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Publisher's Summary

The best-selling, PEN-Faulkner award-winning author of The Tortilla Curtain, T.C. Boyle is hailed as "America's most imaginative contemporary novelist" ( Newsweek). In 1970, a California commune pulls up stakes and moves to the harsh interior of Alaska. The members establish Drop City, a back-to-the-land town, on a foundation of peace and free love. But their idealism cannot prevent tension from rippling through the group. The results are anything but predictable in this honest, surprising evocation of a time period and its enduring beliefs.
©2003 T. Coraghessan Boyle (P)2003 Recorded Books, LLC
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Critic Reviews

"Boyle understands the multitudinous, sneaky ways innocence insulates itself from ambiguity, but in this novel he leavens that cynical insight with genuine sweetness. While the Day-Glo of the hippie era has long since faded, this novel brings it all back home, and helps us see how much in the American grain it all really was." (Publishers Weekly
"Boyle captures the drop-out-and-get-back-to-the-land spirit of the era, as well as the chill and isolation of the Alaska winter, with a clarity that has earned him a reputation as one of our best writers. Highly recommended." (Library Journal)
"An accomplished, versatile storyteller and discerning social observer, Boyle writes with enthralling momentum and seductive detail." (Booklist)
"Boyle may be the most entertaining writer in America." (Boston Globe)
"One of the most inventive and verbally exuberant writers of his generation." (The New York Times)
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Customer Reviews

Most Helpful
5 out of 5 stars
By Lynne on 03-15-04

Dig this...

Boyle's vision has typically been too uncomfortably honest for me. Drop City, although excruciatingly embarrassing to a survivor of the days of peace and love, didn't evoke the usual feelings of hopelessness and the lack of any possible redemption and allowed for real insights. I recommend highly this funny and original book.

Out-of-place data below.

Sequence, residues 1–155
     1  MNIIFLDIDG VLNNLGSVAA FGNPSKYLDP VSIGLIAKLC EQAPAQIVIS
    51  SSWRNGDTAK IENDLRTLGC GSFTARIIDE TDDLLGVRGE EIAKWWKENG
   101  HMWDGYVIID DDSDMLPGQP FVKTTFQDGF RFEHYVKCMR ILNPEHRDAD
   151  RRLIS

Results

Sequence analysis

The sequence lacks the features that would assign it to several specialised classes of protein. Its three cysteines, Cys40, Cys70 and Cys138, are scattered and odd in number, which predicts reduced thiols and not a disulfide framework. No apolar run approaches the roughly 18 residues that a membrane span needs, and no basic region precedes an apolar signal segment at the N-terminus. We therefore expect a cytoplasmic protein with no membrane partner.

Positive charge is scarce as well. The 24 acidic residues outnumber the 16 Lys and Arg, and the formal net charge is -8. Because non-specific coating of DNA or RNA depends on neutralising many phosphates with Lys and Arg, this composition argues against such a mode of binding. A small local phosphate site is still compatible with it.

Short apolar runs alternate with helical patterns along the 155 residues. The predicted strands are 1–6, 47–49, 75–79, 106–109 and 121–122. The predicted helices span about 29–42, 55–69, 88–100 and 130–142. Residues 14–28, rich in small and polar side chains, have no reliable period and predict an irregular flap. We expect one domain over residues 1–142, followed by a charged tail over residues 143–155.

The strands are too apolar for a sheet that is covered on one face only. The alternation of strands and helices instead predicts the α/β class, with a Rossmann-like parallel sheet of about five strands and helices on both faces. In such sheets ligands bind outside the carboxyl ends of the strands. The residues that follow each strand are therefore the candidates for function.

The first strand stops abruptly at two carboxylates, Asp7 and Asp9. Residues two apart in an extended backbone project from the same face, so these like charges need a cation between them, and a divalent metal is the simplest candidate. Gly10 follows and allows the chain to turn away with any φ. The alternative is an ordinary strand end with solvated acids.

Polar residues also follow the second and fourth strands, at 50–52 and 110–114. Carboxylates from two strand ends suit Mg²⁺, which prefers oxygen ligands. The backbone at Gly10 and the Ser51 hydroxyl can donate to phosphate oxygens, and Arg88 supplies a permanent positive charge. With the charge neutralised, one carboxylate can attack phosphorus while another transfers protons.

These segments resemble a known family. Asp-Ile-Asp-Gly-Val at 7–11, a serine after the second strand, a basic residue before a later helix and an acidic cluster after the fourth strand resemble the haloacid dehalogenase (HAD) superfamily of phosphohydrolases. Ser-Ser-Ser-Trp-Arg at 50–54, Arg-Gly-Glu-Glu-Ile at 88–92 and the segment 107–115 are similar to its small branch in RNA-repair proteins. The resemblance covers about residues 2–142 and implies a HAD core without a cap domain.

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10 of 10 people found this review helpful

4 out of 5 stars
By JOHN on 10-11-07

Peace and Love?

This is the first T.C. Boyle title I have listened to and I enjoyed it enough to want to listen to more from this author.

Like many of the other reviewers here, I too was a young person during the 60’s and 70’s. Like looking at an old photo album of ourselves, I was personally embarrassed to be shown just how clueless many of our ‘enlightened’ generation really were. Boyle not only captures much of the lingo used, but many of the misdirected values and attitudes of that time. And so it went with the ‘brothers and sisters’ of Drop City, an agglomeration of individuals proclaiming peace and love, while really wanting not much more than plenty of sex, drugs and rock and roll.

This book is really two stories of two different worlds, that end up strangely colliding and, somehow, coexisting. The hippie commune in sunny California is evicted by their fed-up neighbors and relocates to wild, forbidding and frigid Alaska. They yearned to get back to nature and live in the bounty of Mother Earth. They soon learn that the nature in Alaska is about as maternal as the savage wolverines who there reside. And winters with temperatures of sixty below zero where sunlight is no more than a rumor, might send even the most alienated peacenik scrambling back to the bosom of the plastic establishment and the creature-comforts of civilization.

This book is a story of the individuals from opposite environments and contradicting values living in very uncomfortable conditions. I got the very clear message that condition of being human is really the overwhelming common denominator.

Good story!

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7 of 7 people found this review helpful

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